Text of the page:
Type 4 Barn Door Tracker Design Drawings

The following drawings are ones I developed to build my Type 4 Barn Door Tracker. Here is a link to all of the drawings in a single, 6,902 X 8,248-pixel image file. You can also click on each image to bring up a larger one. Links to each image are also provided at the end of their descriptive paragraph.

The base board is a stationary board. It rests flat. Adding a small bubble level to it would be a good idea. It also needs to have at least two tripod bushings on the underside. I used 1/4-20 to 3/8-16 reducer bushings for this. Stationary Base Board Image Download Link.

The stationary board has hinges, at least two, along what appears to be the bottom in this image. This allows the articulating base board to move upward and downward. The articulating base board needs to be angled to equal your latitude. For instance, in London, the angle between the stationary base board and articulating base board needs to be 51 degrees. Conversely, in Jakarta, it needs to be six degrees. Articulating Base Board Image Download Link

You'll note that there are two holes on this board that correspond to holes on the stationary board (but they are not placed directly in sequence. These holes need to be staggered as you'll be using large drive rods there to stabilize end of the board. This makes a stable triangle between the base board, articulating board, and large-diameter drive rods. Using drive rods, as pictured below, allows you to set up the angle indoors ahead of time, place tape over the threads to facilitate field set-up, and ensure that you aren't spending valuable dark time fiddling with adjusting parts and pieces and gauging angles with an angle finder.

Note the use of drive rods, masked with green tape for easy field set up. The threaded rods keep the articulating board in place. I used 0.5-inch threaded rods here because they have to carry the weight of the entire assembly. You can also see how large, and incredibly ugly, my motor hole is. Oops.

The drive arm is a fairly simple item to construct. Drive Arm Image Download Link

It's easiest to build the barn door tracker if the drive and camera arms are built ahead of time and then just attached to the articulating board. The last section in this article provides details on the construction process. Camera Arm Image Download Link

The last important piece is the motor connection. The motor cannot have just a straight drive rod coming out of the top or it will bind quickly. You can solve this by making an articulating motor mount, installing a threaded cross dowel in the drive arm, or making an articulating threaded rod connection in the drive arm. The fastest option, which adds about 20 more minutes of movement, is a single-joint universal joint in the assembly. I elected to install a universal joint and also use a long cross dowel drilled into the board width-wise to allow maximum articulation without binding. A drive rod binding event can destroy a motor.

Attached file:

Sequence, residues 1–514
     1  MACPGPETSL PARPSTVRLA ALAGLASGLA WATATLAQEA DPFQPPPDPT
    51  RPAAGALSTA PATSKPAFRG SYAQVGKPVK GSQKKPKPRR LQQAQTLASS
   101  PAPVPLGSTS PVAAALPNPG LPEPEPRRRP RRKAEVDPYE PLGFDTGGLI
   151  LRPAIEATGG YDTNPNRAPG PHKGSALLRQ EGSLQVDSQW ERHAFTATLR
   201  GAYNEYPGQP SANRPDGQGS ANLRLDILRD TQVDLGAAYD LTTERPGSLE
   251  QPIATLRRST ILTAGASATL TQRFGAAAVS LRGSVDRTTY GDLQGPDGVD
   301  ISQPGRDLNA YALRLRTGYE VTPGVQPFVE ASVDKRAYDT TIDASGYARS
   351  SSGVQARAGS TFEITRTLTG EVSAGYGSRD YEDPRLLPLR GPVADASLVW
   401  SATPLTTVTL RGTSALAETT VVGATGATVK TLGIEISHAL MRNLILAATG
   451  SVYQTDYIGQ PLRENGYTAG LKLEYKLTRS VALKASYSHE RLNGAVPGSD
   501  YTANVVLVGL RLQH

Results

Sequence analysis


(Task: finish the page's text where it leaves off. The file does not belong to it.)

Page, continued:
Using a coupling and extension rod, or part of the drive rod, you can insert a universal joint about an inch or two above the motor. This will increase the time before the drive rod and nut bind. This in conjunction with a cross dowel placed through your board can give you the maximum available tracking time. If you don't have a cross dowel, a simple nut will work. Whatever you affix the drive rod to the drive board with, it has to be fixed to the board to prevent it from introducing camera shake or slippage.

Type 4 Barn Door Tracker Parts List

Here are the parts I used for my build. In addition, you'll need various screws and the tools to construct the barn door tracker. For specialty items, the bullet includes a link to that item.

Type 4 Barn Door Tracker Construction Process

Construct the Boards

Begin by putting all the holes in the boards. Afterwards, affix the hinges to the camera and drive arms. Then affix the hinges to the articulating board. The articulating board is the easiest to mount. Place it, edge-on-edge, to the base board with the hinges resting on the base board. Then affix the hinges.

It's important to affix the articulating board to the base board first because attaching the articulating board accurately if the camera and drive arm are mounted already will be challenging. After the articulating board is mounted to the base board, close the assembly and attach the camera and drive arms. Be very certain of your placement with these components. They are not easy to move if they've been affixed incorrectly.

Construct the Motor Assembly

Begin by assembling all the parts of the motor assembly except the drive rod. For the time, leave that off. It will be easily bent during the rest of the construction process.

Install the motor and mounting bracket to the base board. Be sure that you don't over-screw the motor mount if you used the suggested materials. Over-screwing the bracket can impair the motor's ability to spin smoothly in the bracket and then introduces camera shake to your images.